The shortlist for this year’s Mercury Prize was announced earlier today; an award which recognises and celebrates artistic achievement throughout the past year, via a list of twelve albums released across a wide range of genres.
Judged by an independent panel made up of musicians, presenters, journalists, producers and other industry professionals, the Mercury Prize focuses solely on British talent, with past winners including the likes of Sampha, Wolf Alice, Arctic Monkeys and Pulp.
Artists who made year’s nominations list include Laura Marling, with her critically acclaimed seventh record, ‘Song For Our Daughter’; indie rock five-piece, Lanterns on the Lake, with their new album, ‘Spook the Herd’; and Anna Meredith, with her genre-bending sophomore, ‘Fibs’.
Pop nominations come from Dua Lipa’s vibrant second album, ‘Future Nostalgia’, and Charli XCX’s experimental record ‘How I’m Feeling Now’. The latter was recorded in a span of six weeks during self-isolation, working with the likes of A. G. Cook and Dylan Brady, whilst also involving a collaborative process with fans via Zoom.
The only debut albums receiving nominations this year are ‘Deep Down Happy’, from Cambridge rock band, Sports Team; and ‘Dark Matter’ – the solo album from jazz drummer and composer, Moses Boyd.
Stormzy and Kano both received their second Mercury Prize nominations with ‘Heavy is the Head’, and ‘Hoodies All Summer’, whilst Georgia and Porridge Radio were given their first album nominations for ‘Seeking Thrills’, and ‘Every Bad’.
Michael Kiwanuka gained his third album nomination for his latest record, ‘KIWANUKA’, making him the second most nominated artist on the 2020 list – Laura Marling comes in first with four shortlist appearances altogether.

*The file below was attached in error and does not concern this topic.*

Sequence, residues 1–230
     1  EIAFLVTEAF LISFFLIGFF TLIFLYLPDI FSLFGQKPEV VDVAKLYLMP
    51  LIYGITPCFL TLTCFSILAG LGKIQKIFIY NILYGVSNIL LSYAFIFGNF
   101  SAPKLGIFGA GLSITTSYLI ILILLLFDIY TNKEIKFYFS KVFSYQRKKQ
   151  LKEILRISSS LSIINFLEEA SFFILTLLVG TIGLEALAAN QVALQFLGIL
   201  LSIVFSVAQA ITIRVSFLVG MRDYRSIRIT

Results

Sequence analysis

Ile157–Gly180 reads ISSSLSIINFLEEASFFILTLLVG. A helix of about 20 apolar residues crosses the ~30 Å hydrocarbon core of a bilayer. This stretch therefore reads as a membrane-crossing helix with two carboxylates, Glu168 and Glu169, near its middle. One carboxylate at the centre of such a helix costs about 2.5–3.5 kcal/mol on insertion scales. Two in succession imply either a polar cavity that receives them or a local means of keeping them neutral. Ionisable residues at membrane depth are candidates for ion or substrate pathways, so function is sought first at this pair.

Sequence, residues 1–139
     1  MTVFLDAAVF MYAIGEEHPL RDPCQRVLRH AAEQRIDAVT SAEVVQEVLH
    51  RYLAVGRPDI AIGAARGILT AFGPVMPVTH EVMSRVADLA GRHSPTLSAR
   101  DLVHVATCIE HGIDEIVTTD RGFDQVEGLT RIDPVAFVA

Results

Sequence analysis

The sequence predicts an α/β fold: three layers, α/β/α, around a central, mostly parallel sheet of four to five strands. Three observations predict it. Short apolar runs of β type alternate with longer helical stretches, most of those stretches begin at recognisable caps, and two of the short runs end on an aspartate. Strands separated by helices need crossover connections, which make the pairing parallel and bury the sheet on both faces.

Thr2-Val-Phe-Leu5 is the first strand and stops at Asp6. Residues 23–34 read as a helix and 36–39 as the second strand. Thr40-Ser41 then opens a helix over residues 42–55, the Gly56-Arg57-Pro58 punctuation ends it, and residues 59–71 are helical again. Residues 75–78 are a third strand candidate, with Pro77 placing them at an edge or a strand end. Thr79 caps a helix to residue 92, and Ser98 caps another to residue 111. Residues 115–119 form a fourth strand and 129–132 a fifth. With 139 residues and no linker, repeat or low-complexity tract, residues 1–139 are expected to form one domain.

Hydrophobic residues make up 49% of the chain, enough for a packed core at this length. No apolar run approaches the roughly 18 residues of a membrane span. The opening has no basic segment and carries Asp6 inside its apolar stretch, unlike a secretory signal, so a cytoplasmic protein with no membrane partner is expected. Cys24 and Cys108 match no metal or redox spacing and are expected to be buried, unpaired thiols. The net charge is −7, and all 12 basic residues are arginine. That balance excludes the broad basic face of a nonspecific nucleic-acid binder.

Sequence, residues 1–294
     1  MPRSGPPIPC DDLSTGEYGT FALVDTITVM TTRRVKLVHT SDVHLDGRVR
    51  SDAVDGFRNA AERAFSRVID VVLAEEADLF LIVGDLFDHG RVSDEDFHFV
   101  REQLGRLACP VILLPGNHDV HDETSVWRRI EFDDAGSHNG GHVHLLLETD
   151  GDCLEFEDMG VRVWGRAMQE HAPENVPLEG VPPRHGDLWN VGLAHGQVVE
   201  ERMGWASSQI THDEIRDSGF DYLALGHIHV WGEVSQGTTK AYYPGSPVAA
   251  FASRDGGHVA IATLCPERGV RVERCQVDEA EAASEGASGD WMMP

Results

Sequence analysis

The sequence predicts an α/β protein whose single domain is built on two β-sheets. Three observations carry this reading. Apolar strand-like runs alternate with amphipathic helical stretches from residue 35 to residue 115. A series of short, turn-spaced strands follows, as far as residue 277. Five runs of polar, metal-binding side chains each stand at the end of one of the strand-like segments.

Artists who missed out on this years list include FKA Twigs, with her phenomenal second record, ‘MAGDALENE’, and Rina Sawayama with her vivid sophomore album, ‘SAWAYAMA’ – arguably two of the biggest snubs of the day.
Whilst both The Big Moon and Foals have both been nominated for previous records, they didn’t quite make the grade this time, meanwhile Sam Fender, who won Critic’s Choice at last years Brit Awards also didn’t get in with his debut album, ‘Hypersonic Missiles’.
Nadine Shah’s fourth record, ‘Kitchen Sink’, which explores womanhood, racism, and relationships, was another huge snub, after her third album, ‘Holiday Destination’ was nominated in 2018. In a series of (now deleted) tweets, Shah questioned the way the Mercury Prize often offers nominations to well-established bands and artists. The winners of the award are given a £25,000 cheque – something which is much more beneficial to smaller artists, who don’t have the backing of a major label.
Last year’s winner was Dave, with his monumental second record, ‘Psychodrama’. The winner of the 2020 award is currently set to be announced on 24th September, and will be broadcast on both TV and radio.